Submitted by Jeff Buster on Sat, 05/31/2008 - 19:28.

My brother made an aluminum bow in his high school vocational metals class.  That thing could really fire an arrow.   But nothing like today.  And now we have added inertial reaction dampers.  Wait til you see!
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Archers in Forest Hills Park?

Where did you take this picture - it is quite an archery range.

I took archery in camp and it was lots of fun. I certainly couldn't get so in to it as to want to compete, and all the high tech bows seem to remove the archer from the simple beauty of launching a stick with another stick and string...

But it gets me thinking... perhaps we could have a simple, basic archery range and program in Forest Hills Park and the park by Rozelle, with the objective to field an East Cleveland archer in the next Olympics?!?!

What other public activities may be good there, in those beautiful, public, urban green and built spaces?

What about a mountain and extreme bike trail, to nurture world champions in that sport?

Some sort of Tiger Woods kids golf program, to nurture more Tigers?

A tennis camp to get local kids using all the tennis courts, seeking more Williams?

Dare I suggest a pool... could the lake in Forest Hills be converted into a cool "Swimming hole", where East Cleveland kids and adults may learn to swim, or just survive in water, and cool off and relax in the heat of Summer??

With the recent awesome addition of the KaBoom! Playgorund and the natural beauty of the park, how do we make it more fun, valuable and experiential for East Cleveland families, without adding physical structures - keep the nature but add other enriching learning experiences...

The Shaw Band is demonstrating to all in this region, and soon the world, that great things come from small urban villages, like East Cleveland, with good opportunities in the communty. How to offer more good opportuntiies in East Cleveland, which will attract other good families seeking excellent quality of life?

Such assets in East Cleveland would attract paying customers from other communities outside East Cleveland, as well - annual membership to the bike trail, or golf program, or tennis club, for example, which would help make them sustainable. Shaker does this, at Thornton, offering swimming, skating, tennis, batting... all available to anyone a la carte. East Cleveland should have a unique mix of recreational learning opportunities as revenue centers, as well.

Disrupt IT

Re-create passive recreation

 Don't we have enough societal push for the next Tiger Woods or whatever athlete? Considering the ever-increasing emphasis on sports over several decades, they do not seem to guarantee a strong economy, inner city growth or decreased violence.  And while WCPN is busy constantly applauding CSU for mentoring athletes - who already get the scholarships and attention and applause - how about mentoring kids who use their minds instead? And then feature that.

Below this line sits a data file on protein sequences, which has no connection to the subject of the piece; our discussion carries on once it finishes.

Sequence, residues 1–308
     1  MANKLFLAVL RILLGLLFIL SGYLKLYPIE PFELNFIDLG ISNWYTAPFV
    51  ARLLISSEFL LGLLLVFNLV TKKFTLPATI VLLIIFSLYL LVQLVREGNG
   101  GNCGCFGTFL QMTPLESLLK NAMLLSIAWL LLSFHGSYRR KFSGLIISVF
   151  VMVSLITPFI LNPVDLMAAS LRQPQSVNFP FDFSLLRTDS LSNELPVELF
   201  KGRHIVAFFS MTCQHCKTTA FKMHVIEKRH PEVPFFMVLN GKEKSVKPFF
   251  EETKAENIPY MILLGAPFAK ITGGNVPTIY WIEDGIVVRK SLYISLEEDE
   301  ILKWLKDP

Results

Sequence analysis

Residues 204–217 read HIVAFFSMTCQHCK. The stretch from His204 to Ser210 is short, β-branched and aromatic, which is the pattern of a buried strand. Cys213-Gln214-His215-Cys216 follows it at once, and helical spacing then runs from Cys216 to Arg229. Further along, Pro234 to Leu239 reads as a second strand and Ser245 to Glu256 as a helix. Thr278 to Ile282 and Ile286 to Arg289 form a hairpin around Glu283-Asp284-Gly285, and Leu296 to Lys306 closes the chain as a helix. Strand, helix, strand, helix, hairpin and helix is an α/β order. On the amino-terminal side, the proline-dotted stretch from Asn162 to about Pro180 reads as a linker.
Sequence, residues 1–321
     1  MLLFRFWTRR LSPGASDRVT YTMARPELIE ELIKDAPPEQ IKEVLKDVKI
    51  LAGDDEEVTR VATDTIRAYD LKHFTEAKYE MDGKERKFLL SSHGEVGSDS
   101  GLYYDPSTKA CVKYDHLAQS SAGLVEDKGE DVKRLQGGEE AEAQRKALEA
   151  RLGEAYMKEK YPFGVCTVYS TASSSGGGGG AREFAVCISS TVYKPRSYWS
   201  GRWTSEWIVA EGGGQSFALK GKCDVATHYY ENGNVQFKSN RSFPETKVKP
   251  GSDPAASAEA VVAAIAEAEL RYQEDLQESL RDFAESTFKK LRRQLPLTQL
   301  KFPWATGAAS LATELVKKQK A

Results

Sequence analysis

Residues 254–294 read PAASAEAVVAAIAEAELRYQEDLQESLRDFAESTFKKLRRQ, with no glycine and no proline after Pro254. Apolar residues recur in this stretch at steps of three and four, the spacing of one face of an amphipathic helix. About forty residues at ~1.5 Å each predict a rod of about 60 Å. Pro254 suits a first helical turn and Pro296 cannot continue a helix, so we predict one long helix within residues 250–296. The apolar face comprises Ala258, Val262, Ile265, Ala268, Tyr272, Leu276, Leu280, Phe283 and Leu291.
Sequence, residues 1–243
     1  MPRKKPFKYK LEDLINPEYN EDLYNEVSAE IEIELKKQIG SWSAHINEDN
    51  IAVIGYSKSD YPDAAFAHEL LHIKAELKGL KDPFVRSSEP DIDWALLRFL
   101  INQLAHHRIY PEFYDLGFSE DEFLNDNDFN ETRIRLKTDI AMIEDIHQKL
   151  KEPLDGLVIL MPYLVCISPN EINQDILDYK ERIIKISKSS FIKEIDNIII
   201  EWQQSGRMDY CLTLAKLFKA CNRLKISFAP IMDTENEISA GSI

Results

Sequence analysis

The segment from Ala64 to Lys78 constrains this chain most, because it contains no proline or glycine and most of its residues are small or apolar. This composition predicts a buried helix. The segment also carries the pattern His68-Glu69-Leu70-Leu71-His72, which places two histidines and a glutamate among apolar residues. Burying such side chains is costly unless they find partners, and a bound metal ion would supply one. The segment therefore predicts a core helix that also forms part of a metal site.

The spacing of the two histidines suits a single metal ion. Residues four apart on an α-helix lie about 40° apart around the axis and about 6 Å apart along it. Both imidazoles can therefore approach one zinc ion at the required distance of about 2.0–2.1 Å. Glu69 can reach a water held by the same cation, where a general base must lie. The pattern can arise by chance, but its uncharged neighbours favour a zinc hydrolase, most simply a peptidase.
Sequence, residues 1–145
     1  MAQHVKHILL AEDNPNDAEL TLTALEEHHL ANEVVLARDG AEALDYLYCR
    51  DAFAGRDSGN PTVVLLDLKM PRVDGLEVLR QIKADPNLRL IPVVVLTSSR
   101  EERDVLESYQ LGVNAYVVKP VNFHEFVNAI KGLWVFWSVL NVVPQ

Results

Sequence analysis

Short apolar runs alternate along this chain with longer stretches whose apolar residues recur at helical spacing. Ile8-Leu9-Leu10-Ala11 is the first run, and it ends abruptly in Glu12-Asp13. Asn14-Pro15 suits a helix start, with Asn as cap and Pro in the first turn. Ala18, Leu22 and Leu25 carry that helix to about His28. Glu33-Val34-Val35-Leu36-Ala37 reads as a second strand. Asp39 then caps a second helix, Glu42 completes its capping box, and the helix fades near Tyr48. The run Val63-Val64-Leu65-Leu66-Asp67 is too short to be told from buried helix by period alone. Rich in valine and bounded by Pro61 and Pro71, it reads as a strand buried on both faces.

Seneca golf course, like many others, is in trouble, CMP's new urban Washington Park golf course took over three quarters of a city park,  but use is way below projections even with all the First Tee and CMP and media publicity. CMP touts their awards from National Parks and Recreation Associations (supported by sporting goods manufacturers whose goods they sell.) It's incestuous. Simple family outdoor activities do not get the push because they don't generate big bucks.



We should not let organized sports destroy the quiet escape of urban green space - sorely needed for city dwellers. Evidence is that kids don't need more structured time and the best athletes often come out of street players in Dominican Republic or barefoot runners or informal soccer players (not from leagues). 

 Archery was discontinued from West Creek due to safety concerns - I can't see it at
Forest Park. If schools have athletics fields then let's use them and get maximum bang for our tax dollar. If not, then have city park sports facilities which don't degrade passive use of green space. Green space can be used for frisbee, informal catch, sledding, kites - and families can enjoy these together.



Why can't we leave out "sports" for once?  Other areas of society have already been shortchanged by our obsession with them; we've heard enough denials and excuses for athletes' drug use (now even in junior high)  and their violence - youth and adult - and their failing grades until they drop out [which seems ok because they believe they'll be next LeBron or Tiger or ....]




And big sports money is behind many of the dismal funding arrangements that Roldo has so thoroughly dissected. From Browns to Dolans to IMG and USGA pushing First Tee  -  this is a HUGE part of today's problems - thinking that sports is the answer (for kids or for cities). Golfer Andre Thornton - who was the face of First Tee here - dropped out early on, but that was kept under wraps until the project was nailed down. Big name backers do not ensure big success.

Anyone who wants to use abandoned or brownfield sites for BMX or other uses - excellent idea!! And I bet that would attact local quickstop business and maybe more .... But the little bit of established green we've still managed to preserve - don't sacrifice that on the alter of sports.





Independent Green Republic parks

Not connected to a MetroPark, but containing part of Lakeview Cemetery and Forest Hills Park, Easy Cleveland probably is a higher %age green space than any place else in Cuyahoga - nearly half, I believe... and it is quite green, with old growth trees and everything nearly zeroscape. It is easy to escape in the large, natural area of Forest Hills Park.